'Out] Out] Out] We need space]' screams the make-up lady a few minutes later, no longer bemused after the German cameraman has knocked over one of her pots of ketchup. Unfortunately, as the Germans shuffle out, the Italian TV crew - interviewer, cameraman and soundman - decide to move in, blocking the entrance so that the next 'victim' cannot get into his chair to have a particularly gruesome bullet wound applied to his head. As the queue lengthens behind, the Italian interviewer storms out: 'I can't hear what they are saying. There's too much noise. I'm not happy.'

Indeed. As assorted journalists make their way back down the corridor, past pieces of red and flesh-coloured foam and latex that seem to have fallen off some of the cast, the remaining extras seem somewhat relieved.

'Obviously, some of the wounds are too terrible to recreate with just foam and make-up,' observes Jurgen Boscher, Vilsmaier's co-writer, co-producer and the crew's translator - one of the few people on set who can speak English, German and Czech. 'That is why we have some extras from a local veterans' hospital outside Prague, men who have lost arms and legs, so it all looks more real. We're not trying to do a documentary, though, but we want to be as accurate as possible. It's a story about one of the bloodiest battles where 700,000 Russians, 400,000 Germans, 100,000 Italians and 150,000 Hungarians died. More people died takng one building in Stalingrad than during the occupation of Paris.'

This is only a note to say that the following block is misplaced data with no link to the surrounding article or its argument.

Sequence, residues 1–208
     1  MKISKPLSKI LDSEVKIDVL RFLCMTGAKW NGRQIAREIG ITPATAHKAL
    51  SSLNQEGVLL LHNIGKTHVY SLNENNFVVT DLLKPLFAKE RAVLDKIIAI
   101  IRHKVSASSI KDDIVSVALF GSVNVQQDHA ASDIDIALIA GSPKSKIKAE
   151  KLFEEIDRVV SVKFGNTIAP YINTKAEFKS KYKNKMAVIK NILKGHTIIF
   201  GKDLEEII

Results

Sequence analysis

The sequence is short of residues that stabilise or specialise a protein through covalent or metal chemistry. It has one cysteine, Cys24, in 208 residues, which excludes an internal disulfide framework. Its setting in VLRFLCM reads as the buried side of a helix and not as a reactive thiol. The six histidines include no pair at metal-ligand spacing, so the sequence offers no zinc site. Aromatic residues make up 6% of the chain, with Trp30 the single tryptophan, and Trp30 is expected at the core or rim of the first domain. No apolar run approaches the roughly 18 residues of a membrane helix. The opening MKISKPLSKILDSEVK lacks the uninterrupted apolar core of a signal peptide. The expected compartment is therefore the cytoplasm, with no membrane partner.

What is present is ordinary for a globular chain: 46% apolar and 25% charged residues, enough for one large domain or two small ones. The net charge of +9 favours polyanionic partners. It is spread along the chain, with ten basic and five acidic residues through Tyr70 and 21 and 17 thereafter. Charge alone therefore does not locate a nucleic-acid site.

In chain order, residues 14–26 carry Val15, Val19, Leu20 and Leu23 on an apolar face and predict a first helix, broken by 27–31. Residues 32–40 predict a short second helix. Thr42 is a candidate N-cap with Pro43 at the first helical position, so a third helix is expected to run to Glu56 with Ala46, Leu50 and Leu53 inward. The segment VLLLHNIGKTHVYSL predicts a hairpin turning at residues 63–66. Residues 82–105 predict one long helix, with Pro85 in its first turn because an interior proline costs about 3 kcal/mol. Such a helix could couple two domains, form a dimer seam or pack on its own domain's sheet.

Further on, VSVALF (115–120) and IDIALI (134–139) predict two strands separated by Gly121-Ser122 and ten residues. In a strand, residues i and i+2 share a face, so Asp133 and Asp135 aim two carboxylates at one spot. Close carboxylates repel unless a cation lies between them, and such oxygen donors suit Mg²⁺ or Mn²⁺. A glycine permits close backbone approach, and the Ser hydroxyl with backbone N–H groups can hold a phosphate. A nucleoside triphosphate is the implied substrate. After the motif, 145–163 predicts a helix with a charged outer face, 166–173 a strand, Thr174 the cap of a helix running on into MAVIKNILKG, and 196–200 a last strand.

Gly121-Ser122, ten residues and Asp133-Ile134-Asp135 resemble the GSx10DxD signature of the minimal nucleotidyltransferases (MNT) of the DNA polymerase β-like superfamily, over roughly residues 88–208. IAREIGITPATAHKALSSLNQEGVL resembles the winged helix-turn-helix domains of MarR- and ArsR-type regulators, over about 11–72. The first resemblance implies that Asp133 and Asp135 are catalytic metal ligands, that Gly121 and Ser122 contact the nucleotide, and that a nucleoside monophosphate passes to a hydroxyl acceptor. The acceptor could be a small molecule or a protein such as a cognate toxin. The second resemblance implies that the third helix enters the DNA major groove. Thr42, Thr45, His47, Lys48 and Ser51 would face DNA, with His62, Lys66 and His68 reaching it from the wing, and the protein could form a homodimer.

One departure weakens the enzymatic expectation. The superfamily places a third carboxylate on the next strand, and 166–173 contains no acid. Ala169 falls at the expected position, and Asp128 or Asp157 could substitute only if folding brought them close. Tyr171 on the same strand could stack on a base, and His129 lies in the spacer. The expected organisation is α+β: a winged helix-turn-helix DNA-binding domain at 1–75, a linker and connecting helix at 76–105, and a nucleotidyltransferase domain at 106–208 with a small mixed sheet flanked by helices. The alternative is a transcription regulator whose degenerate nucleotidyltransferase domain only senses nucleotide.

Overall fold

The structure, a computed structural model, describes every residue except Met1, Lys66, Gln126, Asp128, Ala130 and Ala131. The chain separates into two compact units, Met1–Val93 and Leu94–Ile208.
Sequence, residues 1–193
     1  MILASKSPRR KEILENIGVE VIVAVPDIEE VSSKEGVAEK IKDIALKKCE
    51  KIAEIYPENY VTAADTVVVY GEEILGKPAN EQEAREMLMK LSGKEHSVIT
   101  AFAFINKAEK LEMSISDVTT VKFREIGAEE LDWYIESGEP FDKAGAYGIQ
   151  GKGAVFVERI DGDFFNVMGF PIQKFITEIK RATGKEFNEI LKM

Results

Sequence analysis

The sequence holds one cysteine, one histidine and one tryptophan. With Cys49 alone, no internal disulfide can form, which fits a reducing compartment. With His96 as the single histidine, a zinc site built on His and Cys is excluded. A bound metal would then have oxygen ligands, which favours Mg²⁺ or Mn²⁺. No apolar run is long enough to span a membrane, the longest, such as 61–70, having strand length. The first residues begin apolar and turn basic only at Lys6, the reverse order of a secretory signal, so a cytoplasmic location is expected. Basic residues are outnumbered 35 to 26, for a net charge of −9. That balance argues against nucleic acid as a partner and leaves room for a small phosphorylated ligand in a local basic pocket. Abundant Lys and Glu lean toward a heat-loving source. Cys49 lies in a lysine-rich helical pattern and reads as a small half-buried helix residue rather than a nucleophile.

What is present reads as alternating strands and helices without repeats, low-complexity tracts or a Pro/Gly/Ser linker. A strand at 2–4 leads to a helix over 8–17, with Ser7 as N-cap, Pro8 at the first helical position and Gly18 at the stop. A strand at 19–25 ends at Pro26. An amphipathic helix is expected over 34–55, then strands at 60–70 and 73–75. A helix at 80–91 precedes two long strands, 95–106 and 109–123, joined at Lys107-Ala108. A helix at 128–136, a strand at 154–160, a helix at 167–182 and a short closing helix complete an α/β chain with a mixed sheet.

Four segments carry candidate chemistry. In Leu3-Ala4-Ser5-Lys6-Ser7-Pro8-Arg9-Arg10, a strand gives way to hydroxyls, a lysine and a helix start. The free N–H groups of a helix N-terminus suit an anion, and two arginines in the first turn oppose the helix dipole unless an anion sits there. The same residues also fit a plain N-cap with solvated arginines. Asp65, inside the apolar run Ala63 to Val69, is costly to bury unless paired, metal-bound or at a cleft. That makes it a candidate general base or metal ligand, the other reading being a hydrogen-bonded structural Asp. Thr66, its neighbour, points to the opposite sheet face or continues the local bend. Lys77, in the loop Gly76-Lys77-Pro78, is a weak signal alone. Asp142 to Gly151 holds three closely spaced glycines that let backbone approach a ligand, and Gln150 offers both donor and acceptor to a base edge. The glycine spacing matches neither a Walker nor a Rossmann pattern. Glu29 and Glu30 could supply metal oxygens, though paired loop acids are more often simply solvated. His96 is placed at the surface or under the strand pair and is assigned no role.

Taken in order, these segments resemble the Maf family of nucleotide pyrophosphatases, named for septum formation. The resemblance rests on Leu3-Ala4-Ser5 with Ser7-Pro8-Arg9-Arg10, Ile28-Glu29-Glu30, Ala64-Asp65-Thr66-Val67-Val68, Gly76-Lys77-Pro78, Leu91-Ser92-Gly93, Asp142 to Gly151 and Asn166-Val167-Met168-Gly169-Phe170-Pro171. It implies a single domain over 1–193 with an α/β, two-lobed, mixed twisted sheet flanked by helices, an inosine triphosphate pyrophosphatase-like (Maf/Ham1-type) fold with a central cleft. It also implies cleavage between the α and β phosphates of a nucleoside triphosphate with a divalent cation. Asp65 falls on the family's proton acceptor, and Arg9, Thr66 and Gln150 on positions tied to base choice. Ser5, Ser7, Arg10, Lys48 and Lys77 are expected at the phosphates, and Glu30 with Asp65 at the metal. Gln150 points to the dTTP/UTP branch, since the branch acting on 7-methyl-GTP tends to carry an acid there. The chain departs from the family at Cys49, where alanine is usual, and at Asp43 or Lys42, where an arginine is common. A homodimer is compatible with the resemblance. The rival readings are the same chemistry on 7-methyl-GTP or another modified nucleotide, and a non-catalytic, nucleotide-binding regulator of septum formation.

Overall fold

At the factory site, people are milling around waiting for filming to begin. Already on set are the cast, crew, director Vilsmaier and Hans Schoenbeck, the film's adviser, who was one of the few survivors of the real Stalingrad.

'My biggest surprise when I arrived in Prague for the first time,' he reports, 'when I saw the old disused buildings, the old steel factories which look like a real tractor factory that was in Stalingrad and was destroyed by weapons, was it all looked so real - but only I would know that, or any other survivors,' he smiles. 'As far as I know I am the only one from my unit.'

Schoenbeck moves about the set, nodding and looking slightly at odds with the whole proceedings, as various SS uniform-wearing extras try to keep warm as the temperature drops even further below freezing. 'I cannot agree to everything I see here,' he muses, 'because I did not see everything, but I know that the research for this film was made very perfect. They are using real weapons and uniforms, and even 13 tanks which all work. I find it quite horrible sometimes when I see the tanks coming towards me.'

The scene being shot is taking a long time to set up - the extras are lying on their hospital beds while Vilsmaier walks up and down the length of the set, shouting directions in German, while his wife Dana repeats them in Czech. Buscher, trying to keep the Italian TV crew from getting under everyone's toes, is beginning to look frazzled, juggling TV crews and journalists in a small space strewn with supposedly dead and dying soldiers.

'Joseph Vilsmaier is my friend, which makes this job easier,' he muses. 'Joseph began as a cameraman and was very successful, and since he has been directing he still likes to continue being behind the camera. Unfortunately, he had a car accident in Prague before Christmas, and his back was damaged, so now he finds it very difficult operating the camera himself.'